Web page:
I’m a pretty public person. I tend to share my opinions and welcome the opportunity to engage with those whose views differ from mine. As strongly as I hold my own beliefs, I am equally fervent in my desire to embrace what a true Democracy is. It’s not about everyone agreeing. It’s the opposite of that. Democracy is about people of variegated backgrounds and beliefs coming together in a reasoned manner for passionate and respectful debate that finds as close to middle ground as possible. It is about moving the ball forward.
When it comes to some things – like racism, bigotry and hatred – it’s a different story. I know I should feel compassion for those whose sophomoric and narrow-minded views cement them on the wrong side of history. With people like this it’s best to take a deep breath and not let them rankle you. They are, after all, just saturated in fear. The genesis of hatred, is fear. It’s not unusual for people to be uncomfortable with things they don’t understand. For some, however, that discomfort translates to fear, because due to ignorance they believe their own lives are in jeopardy.
What a sad sad way to live.
I know I should be tolerant. I know I should have compassion. These people are, after all, living in a cage of their own making.
When these people begin to lash out, foisting their fears on others and creating an unsafe society for those with whom they disagree, the thin veneer of tolerance I have for such people wears right away.
We live in a time when correction of bad behavior has all about disappeared. People say and do unconscionable things with no consequence. There is a monster in our midst and he is empowering an element of society – an element whose hatred, bigotry and anger towards all who are “different” – and gives rise to violent talk … and violent action. We live in a time, where failure to speak up and condemn these bad behaviors is more dangerous than anything else.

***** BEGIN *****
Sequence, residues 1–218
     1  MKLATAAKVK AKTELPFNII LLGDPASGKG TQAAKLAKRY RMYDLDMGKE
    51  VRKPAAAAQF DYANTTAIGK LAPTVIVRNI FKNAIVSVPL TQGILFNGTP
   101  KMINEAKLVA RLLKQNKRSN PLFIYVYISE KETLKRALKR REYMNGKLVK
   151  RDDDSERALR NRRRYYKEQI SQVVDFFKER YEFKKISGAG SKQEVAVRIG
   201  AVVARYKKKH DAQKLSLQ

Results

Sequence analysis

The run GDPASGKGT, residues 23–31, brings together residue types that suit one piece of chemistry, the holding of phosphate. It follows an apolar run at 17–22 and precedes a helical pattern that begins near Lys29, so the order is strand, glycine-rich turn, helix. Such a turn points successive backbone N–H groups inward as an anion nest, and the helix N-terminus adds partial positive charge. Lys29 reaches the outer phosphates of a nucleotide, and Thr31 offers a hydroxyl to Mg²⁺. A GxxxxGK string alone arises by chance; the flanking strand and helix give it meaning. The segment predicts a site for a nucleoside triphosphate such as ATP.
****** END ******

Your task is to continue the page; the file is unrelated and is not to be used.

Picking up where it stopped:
Too many (myself included) have sat for too long during this current Presidential cycle in silence as the flames of hatred, bigotry, misogyny, racism and xenophobia got soaked in the kerosene that spews every time Donald Trump opens his mouth.
That man is a bully and what’s worse is there seem to be few members of the Republican party with enough spine to step up and speak out against his methods. They say he’ll change. They say this isn’t who he is. They rationalize and justify because they’re too humiliated that they underestimated this monster.
When I saw this video from the Democratic National Convention about bullies, a quiet voice in the back of my head said, “It’s time.”
Rather than focusing on the bloviating bully and his jackboot march across civility, for now I want to begin where my own foundation got rattled. It was a moment several months ago when I found myself confronted with a junior varsity version of hatred.
In March I participated in a panel discussion on the local NPR affiliate, KNPR, for International Women’s Day. It was a wide-ranging conversation with two other great guests – Dana Dwiggins, who is a partner at Solomon, Dwiggins and Freer; and Tracy Wakefield the medical director for Healthcare Partners. Interestingly all three of us commented consistently about focusing on our work and our skills and gender not really being a factor in how we did our work but rather how others viewed us.
At one point I remarked to host Joe Schoenmann that my being a woman was just another “thing” about me – in the same way that I am Jewish and also happen to be gay.